Analyzing the active transportation user experience in small, sprawled Canadian cities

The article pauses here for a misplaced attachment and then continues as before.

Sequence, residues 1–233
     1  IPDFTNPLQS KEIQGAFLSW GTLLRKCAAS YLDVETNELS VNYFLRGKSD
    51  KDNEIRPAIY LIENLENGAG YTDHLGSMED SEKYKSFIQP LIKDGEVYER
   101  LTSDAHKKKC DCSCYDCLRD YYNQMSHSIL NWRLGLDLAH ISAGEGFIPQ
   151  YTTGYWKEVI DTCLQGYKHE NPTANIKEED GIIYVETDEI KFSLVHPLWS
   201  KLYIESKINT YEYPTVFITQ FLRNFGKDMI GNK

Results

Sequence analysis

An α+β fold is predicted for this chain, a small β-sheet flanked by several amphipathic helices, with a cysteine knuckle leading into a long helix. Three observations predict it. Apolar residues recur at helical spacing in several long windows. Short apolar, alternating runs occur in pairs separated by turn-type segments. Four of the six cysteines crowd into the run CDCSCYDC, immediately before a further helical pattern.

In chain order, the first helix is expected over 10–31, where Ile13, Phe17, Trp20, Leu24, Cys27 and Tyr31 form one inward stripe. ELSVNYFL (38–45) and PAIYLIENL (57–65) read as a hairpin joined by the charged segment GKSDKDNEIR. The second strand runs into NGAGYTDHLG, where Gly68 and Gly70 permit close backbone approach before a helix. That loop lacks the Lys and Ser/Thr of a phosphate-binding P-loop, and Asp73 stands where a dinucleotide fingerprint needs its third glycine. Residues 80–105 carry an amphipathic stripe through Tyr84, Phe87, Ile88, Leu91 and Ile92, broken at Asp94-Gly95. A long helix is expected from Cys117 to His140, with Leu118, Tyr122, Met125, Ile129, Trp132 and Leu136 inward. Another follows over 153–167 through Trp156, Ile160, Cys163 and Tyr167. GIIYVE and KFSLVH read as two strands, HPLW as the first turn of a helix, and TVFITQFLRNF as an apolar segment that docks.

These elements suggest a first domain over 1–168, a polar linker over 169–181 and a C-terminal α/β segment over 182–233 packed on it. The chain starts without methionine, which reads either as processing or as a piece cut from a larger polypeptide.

Throughout recent history, transportation planning and engineering have primarily been focused on improving automobiles' efficient movement, which has contributed to car dependency among small, sprawled cities. This thesis analyzes the active transportation user experiences in small, sprawled Canadian cities to better understand how planners can improve their experiences and perceptions and ultimately create healthier, more resilient transportation systems. Literature collected explores active transportation with physical activity and the built environment, transportation equity, and the planning profession concerning improving community health and transportation systems. Data was collected through surveys and interviews with active transportation users and transportation planners. The discussion section attempts to categorize findings into three main themes found in the research. Finally, recommendations are offered on how the small, sprawled cities analyzed could improve the transportation user experience.